The album draws mostly on the country-tinged sounds of its conventional rock band lineup — two guitars, bass, drums and vocals — yet like other National albums, it weaves in some subtle, gorgeous string arrangements provided by a sixth shadow member, Padma Newsome. Newsome, who lives mostly in Australia and collaborates with Bryce Dessner in Clogs, played violin and viola on Alligator and orchestrated its broad palette of classical instruments — the cello that burnishes "City Middle," and the clarinet and bassoon at the beginning of the lovely "Geese of Beverly Road," among other flourishes. "We've worked with [Newsome] on our last three records," Berninger said. "We send him sketches which he works with, then eventually camps out with us in Brooklyn to record. He's a great collaborator fond of throwing curveballs into the music. He's the sixth member but likes to keep his distance. We don't blame him."

Lyrically, the songs of Alligator feel like abbreviated short stories, with much implied but little spelled out. Puzzling, evocative, sexually charged and weighted with world-weary acceptance and disappointment, lines pop out of the fabric of songs and lodge in your head — "I had a secret meeting in the basement of my brain," "My medium-sized American heart," "I used to be carried in the arms of cheerleaders," "Serve me the sky with a big slice of lemon." Many of them seem like detailed interior monologues, thought but never spoken, though when asked about this, Berninger responded, "You raise an interesting question. If a conversation between two people takes place in your head, is it an interior monologue or dialogue? I think dialogue."

He added, "I do occasionally steal bits of real conversations or little scraps from movies and TV. Heir to the Glimmering World is a Cynthia Ozick novel that came out while I was finishing the lyrics to 'The Geese of Beverly Rd.' It was just what I needed, thanks Cynthia." This song, he explains, is set in the neighborhood of Brooklyn where he and Bryce Dessner lived during the recording of Alligator, a place called Ditmas Park.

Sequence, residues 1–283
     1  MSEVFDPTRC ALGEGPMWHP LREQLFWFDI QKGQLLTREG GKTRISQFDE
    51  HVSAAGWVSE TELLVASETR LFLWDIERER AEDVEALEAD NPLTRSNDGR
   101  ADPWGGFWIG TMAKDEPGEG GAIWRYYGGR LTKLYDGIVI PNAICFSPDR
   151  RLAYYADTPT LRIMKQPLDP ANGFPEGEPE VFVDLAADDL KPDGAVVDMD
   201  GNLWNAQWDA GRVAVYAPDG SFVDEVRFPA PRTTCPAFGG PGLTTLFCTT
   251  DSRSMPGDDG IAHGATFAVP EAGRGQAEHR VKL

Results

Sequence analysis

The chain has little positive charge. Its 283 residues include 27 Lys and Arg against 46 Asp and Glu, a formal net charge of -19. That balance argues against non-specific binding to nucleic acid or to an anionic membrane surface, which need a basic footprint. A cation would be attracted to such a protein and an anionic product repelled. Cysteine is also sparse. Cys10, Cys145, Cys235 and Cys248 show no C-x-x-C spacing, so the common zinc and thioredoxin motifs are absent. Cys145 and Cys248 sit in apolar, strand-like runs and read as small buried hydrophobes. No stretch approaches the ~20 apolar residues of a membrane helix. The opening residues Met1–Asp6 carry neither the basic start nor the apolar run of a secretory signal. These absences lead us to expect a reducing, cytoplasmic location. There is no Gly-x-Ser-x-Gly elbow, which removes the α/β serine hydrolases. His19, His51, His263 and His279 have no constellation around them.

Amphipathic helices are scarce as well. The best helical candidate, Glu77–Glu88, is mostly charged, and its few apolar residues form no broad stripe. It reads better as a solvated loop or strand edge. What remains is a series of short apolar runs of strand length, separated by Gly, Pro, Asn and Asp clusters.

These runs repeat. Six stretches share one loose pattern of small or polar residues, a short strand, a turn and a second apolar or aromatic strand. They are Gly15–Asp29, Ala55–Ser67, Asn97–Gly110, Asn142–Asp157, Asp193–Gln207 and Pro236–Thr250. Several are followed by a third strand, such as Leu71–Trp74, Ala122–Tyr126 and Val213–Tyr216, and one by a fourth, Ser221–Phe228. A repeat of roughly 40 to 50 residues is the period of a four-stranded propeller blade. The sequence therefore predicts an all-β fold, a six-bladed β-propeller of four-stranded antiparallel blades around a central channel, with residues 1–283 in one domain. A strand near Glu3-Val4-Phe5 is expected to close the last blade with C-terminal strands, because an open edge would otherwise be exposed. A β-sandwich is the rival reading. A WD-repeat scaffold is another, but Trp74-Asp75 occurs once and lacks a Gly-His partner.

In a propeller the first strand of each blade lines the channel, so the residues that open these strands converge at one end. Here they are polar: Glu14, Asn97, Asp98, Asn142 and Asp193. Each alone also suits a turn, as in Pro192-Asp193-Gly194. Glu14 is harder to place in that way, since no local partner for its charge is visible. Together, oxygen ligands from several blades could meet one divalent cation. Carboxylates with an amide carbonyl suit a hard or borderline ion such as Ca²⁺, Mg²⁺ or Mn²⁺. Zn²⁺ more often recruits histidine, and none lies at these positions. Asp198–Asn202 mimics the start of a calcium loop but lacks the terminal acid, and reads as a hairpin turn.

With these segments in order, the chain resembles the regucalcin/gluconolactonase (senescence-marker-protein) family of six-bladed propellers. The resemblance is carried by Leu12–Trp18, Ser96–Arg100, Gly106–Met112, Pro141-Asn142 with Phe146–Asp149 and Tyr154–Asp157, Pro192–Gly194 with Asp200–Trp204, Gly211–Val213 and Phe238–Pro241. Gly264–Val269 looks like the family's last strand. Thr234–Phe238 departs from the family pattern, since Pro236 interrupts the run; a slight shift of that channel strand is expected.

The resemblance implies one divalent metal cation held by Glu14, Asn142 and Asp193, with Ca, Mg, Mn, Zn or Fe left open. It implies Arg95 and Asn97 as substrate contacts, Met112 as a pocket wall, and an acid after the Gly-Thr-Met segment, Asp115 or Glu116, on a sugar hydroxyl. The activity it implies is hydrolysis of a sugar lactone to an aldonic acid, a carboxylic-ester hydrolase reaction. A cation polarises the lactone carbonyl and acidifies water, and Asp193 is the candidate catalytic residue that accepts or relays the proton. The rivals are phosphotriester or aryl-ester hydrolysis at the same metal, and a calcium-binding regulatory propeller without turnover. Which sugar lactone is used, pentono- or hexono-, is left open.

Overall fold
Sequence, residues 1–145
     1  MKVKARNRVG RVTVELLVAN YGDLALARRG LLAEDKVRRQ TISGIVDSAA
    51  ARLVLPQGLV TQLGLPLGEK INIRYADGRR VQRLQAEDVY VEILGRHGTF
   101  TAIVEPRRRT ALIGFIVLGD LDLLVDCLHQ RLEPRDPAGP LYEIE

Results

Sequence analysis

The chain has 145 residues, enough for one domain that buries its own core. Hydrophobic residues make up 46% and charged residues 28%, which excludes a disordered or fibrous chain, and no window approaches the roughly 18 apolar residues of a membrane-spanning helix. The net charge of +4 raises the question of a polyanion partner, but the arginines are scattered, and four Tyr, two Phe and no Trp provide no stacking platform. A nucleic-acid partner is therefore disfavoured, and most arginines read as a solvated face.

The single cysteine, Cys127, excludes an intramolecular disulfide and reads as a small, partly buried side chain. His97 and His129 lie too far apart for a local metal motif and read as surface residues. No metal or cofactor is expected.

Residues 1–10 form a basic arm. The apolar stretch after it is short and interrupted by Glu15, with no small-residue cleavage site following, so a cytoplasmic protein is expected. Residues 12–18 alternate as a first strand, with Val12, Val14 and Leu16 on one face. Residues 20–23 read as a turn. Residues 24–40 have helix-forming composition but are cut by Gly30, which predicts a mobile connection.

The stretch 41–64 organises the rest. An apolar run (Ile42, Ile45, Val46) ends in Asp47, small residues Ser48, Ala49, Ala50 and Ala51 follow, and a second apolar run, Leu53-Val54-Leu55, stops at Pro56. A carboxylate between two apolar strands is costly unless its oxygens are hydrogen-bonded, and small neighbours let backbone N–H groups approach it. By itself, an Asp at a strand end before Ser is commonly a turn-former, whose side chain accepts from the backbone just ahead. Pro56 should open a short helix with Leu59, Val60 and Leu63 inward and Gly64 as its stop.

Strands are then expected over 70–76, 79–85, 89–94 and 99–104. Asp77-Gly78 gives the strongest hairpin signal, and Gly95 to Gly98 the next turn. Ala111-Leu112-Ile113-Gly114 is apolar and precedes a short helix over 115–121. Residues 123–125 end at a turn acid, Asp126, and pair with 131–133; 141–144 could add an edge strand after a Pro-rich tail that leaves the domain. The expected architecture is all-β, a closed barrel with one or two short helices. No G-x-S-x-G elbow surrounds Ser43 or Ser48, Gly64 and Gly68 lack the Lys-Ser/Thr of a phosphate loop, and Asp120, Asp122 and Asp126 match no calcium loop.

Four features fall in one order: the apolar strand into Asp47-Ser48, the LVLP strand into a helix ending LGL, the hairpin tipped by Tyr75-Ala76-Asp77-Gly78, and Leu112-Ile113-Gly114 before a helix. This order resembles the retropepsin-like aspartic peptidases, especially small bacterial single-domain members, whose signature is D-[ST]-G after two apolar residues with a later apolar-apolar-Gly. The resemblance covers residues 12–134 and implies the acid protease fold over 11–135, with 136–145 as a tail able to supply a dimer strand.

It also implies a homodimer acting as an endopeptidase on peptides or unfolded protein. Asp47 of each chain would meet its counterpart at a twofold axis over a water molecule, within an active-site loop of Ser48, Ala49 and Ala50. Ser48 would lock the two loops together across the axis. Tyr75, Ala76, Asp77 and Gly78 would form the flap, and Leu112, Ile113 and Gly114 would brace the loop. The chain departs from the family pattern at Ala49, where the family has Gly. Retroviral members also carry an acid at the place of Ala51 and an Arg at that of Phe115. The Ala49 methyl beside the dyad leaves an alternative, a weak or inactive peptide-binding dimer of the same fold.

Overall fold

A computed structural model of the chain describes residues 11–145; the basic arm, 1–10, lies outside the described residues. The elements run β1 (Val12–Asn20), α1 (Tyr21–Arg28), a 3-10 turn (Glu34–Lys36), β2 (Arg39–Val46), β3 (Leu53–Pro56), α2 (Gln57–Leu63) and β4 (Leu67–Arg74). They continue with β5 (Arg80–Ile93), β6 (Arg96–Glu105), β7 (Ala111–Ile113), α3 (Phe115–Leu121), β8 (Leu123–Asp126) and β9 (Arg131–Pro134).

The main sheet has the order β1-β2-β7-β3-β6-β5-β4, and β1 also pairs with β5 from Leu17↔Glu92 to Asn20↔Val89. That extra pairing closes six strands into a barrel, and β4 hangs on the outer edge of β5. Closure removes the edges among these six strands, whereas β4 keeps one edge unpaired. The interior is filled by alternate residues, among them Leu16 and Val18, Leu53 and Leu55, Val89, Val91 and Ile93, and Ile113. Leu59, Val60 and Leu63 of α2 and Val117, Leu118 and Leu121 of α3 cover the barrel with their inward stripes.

"It's a beautiful neighborhood that feels more like Savannah, Georgia than Brooklyn," he said. "The houses are all free-standing with nice yards and wrap-around porches. I was sitting outside one night watching a bunch of kids running up and down Beverly setting off car alarms. The song is theirs. Recording out there was nice, very relaxed."

Yet while settings may be familiar and phrases may be lifted, Berninger cautions that no one should take his songs as a literal interpretation of any aspect of his life. He said, "The songs are not quite autobiographical. They're combinations of real situations and delusional storytelling. They're things I care about, obsessions, insecurities, fantasies, etc. There are a lot of naked awkward moments in the songs but I don't feel over-exposed. It's fun to dig into the ugly, ridiculous corners of our psyches and shine a light into it. Again, some of it is just juicy fiction."

The National are presently in Europe, and will play more dates in the UK in November. Tour dates can be found at the band's Web site. — Jennifer Kelly [Tuesday, August 23, 2005]